Set almost entirely in the quaint country kitchen of a castle circa 1885, with some excursions into the dining room, bedroom and nearby kitchen garden, The Pot Au Feu was adapted from Marcel Rouff’s 1924 novel by Anh Hùng, a Vietnamese-born director who lived in France for most of his life—his 1993 hit film, The scent of green papaya, was shot on a Parisian soundstage and whose strong sense of craftsmanship seems perfectly suited to the material. This is a film where style matters as much as substance, where style AND substance, and while Anh Hùng and cinematographer Jonathan Ricquebourg delight us with plenty of beautiful images, they do so for a reason.

Spectators are advised not to enter on an empty stomach. The opening sequence, which lasts for a full reel and has almost no dialogue, features Eugénie (Binoche), the right hand of the great chef Dodin (Magimel), cooking a jaw-dropping multi-course meal that will make your mouth water mouth. (Although vegetarians be warned: this film may not be for you.) The food stylings are courtesy of the film’s “gastronomic manager,” Pierre Gagnaire, and “culinary advisor” Michel Nave, a pair of chefs to three Michelin stars who have worked together for decades and add a lot of lifelikeness to the dishes.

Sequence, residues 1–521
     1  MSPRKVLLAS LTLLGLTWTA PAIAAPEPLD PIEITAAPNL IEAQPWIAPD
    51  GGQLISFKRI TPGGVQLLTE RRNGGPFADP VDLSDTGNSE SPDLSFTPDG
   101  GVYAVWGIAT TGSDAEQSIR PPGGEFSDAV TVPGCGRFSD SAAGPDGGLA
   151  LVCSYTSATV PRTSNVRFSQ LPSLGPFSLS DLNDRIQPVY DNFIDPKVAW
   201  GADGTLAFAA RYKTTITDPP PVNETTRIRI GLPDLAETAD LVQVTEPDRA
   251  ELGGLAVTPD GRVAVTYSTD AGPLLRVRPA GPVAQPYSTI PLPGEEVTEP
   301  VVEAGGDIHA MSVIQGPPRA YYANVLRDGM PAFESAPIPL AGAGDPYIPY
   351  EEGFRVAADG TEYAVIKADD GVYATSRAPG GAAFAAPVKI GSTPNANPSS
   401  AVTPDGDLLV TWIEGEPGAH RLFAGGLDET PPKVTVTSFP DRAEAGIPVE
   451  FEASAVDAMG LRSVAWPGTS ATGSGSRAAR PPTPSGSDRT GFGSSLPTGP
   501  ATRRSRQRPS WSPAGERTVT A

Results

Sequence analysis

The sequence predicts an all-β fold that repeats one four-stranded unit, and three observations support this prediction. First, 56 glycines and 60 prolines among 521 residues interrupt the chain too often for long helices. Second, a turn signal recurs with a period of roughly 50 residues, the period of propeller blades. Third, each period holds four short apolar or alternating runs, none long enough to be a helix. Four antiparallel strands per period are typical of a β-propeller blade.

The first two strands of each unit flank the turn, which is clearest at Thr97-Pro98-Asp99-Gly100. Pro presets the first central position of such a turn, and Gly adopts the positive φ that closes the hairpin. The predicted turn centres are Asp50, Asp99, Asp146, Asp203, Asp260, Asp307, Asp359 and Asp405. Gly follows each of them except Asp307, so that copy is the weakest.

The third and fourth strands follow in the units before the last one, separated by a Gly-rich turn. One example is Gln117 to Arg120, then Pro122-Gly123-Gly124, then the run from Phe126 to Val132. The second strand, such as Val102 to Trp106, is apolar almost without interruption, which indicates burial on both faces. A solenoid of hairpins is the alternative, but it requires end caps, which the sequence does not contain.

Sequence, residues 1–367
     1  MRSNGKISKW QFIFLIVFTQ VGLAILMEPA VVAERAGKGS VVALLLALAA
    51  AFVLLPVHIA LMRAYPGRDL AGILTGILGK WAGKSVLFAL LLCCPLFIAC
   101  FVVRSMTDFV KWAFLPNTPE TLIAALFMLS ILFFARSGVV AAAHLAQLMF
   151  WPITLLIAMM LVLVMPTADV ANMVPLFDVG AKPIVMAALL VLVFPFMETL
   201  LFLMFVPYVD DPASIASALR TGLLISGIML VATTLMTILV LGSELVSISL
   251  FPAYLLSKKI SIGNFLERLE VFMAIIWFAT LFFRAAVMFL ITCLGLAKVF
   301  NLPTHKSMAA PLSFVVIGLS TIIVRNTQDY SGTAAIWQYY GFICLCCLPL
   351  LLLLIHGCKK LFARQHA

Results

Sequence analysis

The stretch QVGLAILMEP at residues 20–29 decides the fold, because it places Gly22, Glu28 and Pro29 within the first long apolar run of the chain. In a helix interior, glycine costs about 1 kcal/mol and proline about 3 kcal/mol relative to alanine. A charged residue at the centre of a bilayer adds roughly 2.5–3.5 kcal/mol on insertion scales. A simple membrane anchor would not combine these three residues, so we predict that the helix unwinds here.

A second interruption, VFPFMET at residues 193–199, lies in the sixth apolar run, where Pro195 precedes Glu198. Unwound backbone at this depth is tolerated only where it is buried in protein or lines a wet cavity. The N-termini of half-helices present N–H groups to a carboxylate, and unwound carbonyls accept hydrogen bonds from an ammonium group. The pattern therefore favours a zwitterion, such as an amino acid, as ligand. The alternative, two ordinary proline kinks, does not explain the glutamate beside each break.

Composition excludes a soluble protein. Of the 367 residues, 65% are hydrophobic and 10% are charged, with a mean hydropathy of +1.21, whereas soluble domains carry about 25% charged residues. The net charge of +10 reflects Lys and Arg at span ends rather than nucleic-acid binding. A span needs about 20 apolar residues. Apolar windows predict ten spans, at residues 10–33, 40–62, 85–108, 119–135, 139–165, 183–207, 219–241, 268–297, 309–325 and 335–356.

In the castle’s elite private dining room, Dodin serves a group of his benefactors (Emmanuel Salinger, Patrick D’Assumçao, Frédéric Fisbach and Jan Hammenecker), all male, while Eugénie and her trusted aide, Violette (Galatea Bellugi) , remain confined to the kitchen. But Dodin, who loves Eugénie as much as he loves veal loins and freshly caught fish, transforms into legendary place, he knows she is behind his fame and fortune as much as he is. He desperately wants to marry her, but she is less sure of it, happy to maintain his independence in an equal relationship.

The film’s plot, which is rather minimal, hinges on whether Eugénie will eventually say yes to Dodin, and the suspense gradually builds as we learn that she too may be seriously ill. (A subplot, hence the The Pot Au Feu takes its English-language title, implies a meal the couple are supposed to prepare for the Crown Prince of Estonia.) With all the pleasures he has tasted in his life, both at the stove and behind closed doors, the epicurean Dodin could end to be tragically denied the one thing he truly desires.